Democrats also sicced the CIA on President Trump, report says

    It seems that while Democrats were strategizing to persuade the FBI before President Trump took office to investigate a non-existent connection between his campaign and a Russian bank, they also were pushing a separate hoax to the CIA, according to a new analysis by Margot Cleveland, the senior legal correspondent at The Federalist.

    It involved the alleged use by Trump and his associates of “supposedly rare, Russian-made wireless phones in the vicinity of the White House and other locations.”

    Cleveland, who has been a contributor to National Review Online, the Washington Examiner, Aleteia, and following a career that included 25 years as a permanent law clerk for a federal appellate judge, explained that the newest documentation available in special counsel John Durham’s case against Clinton campaign lawyer Michael Sussman, for lying to the FBI, reveals the additional maneuverings.

    She charged that the documentation suggests the Democrats at that time “sicced the CIA on their domestic enemy, the president.”

    She said the information that is becoming available in the Sussman case, in which he is accused of lying to the FBI to try to persuade the agency to investigate a hoax – the idea that Trump’s campaign was linked to Russian interests – he also tried to convince the CIA to look into the “phones” scandal.

    The documents, she explained, “suggest the tech gurus behind the Alfa Bank hoax also tracked Donald Trump’s movements to devise another collusion conspiracy theory.”

    She said the “Yotaphone hoax” is an “equally serious scandal because it involved both the mining of proprietary information and sensitive data from the Executive Office of the President (EOP) and the apparent surveillance of Trump’s physical movements.”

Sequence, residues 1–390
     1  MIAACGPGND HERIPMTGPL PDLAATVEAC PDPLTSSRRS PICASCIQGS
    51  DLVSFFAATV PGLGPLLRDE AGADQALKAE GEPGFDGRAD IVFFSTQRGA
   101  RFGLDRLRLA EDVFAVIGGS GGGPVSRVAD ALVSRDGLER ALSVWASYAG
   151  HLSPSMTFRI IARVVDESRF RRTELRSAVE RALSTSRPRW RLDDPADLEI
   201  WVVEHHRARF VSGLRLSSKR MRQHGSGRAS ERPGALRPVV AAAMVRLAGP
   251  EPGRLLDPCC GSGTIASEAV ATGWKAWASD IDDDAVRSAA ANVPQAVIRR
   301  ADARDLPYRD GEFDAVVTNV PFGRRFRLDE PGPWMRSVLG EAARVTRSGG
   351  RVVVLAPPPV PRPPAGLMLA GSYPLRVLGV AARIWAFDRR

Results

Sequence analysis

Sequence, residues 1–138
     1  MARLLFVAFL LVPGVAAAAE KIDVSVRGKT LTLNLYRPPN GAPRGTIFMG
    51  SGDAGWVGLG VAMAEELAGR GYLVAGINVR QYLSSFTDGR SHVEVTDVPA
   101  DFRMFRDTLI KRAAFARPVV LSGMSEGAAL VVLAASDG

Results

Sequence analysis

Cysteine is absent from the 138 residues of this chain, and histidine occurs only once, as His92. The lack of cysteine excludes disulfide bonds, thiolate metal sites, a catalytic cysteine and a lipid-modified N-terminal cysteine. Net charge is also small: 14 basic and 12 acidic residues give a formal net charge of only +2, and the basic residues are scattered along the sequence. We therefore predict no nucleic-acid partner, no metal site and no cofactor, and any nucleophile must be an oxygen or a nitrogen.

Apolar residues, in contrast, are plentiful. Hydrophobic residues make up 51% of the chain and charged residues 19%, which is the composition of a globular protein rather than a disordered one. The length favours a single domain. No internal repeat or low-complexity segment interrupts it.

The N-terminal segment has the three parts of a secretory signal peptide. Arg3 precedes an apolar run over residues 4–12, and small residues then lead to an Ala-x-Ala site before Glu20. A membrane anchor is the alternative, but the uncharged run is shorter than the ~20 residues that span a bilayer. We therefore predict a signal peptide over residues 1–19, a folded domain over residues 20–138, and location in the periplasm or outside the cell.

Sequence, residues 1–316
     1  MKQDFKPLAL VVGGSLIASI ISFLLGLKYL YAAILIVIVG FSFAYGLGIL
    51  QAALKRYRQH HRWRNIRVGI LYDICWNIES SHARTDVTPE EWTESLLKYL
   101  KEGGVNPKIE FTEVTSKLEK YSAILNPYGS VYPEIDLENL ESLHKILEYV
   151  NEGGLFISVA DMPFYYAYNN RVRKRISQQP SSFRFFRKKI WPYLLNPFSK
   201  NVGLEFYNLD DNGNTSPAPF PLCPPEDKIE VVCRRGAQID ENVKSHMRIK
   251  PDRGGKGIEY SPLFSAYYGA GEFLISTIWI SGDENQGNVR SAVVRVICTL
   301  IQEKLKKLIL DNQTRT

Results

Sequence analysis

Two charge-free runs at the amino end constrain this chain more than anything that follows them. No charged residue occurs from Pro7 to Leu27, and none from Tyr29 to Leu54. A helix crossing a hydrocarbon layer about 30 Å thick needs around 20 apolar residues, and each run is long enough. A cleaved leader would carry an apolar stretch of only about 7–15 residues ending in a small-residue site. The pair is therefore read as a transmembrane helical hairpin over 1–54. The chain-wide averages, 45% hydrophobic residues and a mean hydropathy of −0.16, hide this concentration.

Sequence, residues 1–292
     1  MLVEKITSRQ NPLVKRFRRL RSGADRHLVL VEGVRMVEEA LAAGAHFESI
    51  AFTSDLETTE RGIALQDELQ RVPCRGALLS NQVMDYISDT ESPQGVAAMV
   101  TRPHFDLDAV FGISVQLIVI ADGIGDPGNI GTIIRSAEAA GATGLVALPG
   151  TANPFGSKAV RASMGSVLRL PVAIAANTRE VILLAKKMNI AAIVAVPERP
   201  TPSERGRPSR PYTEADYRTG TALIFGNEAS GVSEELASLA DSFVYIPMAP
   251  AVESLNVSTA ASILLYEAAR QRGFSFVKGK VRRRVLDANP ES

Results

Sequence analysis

She said the documentation comes from the case accusing Sussman and others of creating the impression that “Trump had maintained a secret communication network with the Russia-based Alfa Bank.”

    Sussman is accused of giving those claims to the FBI, falsely saying he was sharing the information “on his own” when, in fact, he was representing the Clinton campaign.

    She explained the Sussman indictment also outlined how Sussman shared information with the CIA, too, “while allegedly repeating the same false claim that he was not sharing the ‘intel’ on behalf of any client.”

    Then, as part of Durham’s work, it was revealed “for the first time that when Sussmann met with the CIA in early 2017, he provided agents with internet data beyond the Alfa Bank conspiracy theory. This data, Sussmann claimed, ‘demonstrated that Trump and/or his associates were using supposedly rare, Russian-made wireless phones in the vicinity of the White House and other locations,’” Cleveland reported.

    Details from the court filings now explain that Sussman claimed a client “had some interesting information about the presence and activity of a unique Russian made phone around President Trump.”

    “According to the notes, Sussmann also told his contact that ‘the phone was never noticed in two places at once’ and was seen ‘only around the president’s movement,” the report said.

    “According to Sussmann, the Yotaphone connected to Trump made a number of WiFi calls to Moscow and St. Petersburg from April 2016 until February 2017,” the report said.

    Sussman reportedly said his “client” would provide the data to “senior” officers and if they declined, would go to the media.

    And Sussman said he wanted the CIA “to know about the Yotaphone activity close to the president.”

    “These people were watching Trump for years,” the report explained, because Durham’s review showed the monitoring had begun as early as 2014.

    “But Sussmann omitted that detail when providing the material to the CIA,” the report said.

    Troubling, the report said, is the fact that the spying on Trump appeared “directly targeted” at networks Trump used. Further, “Even more disconcerting are the repeated references in the memoranda to Trump’s physical location during the DNS lookups, whether at the Trump Tower, in Michigan, or at the White House.”

    “That a political enemy of Trump would provide the CIA fraudulent-by-omission data to prompt an investigation into the sitting president of the United States is horrifying,” Cleveland explained.

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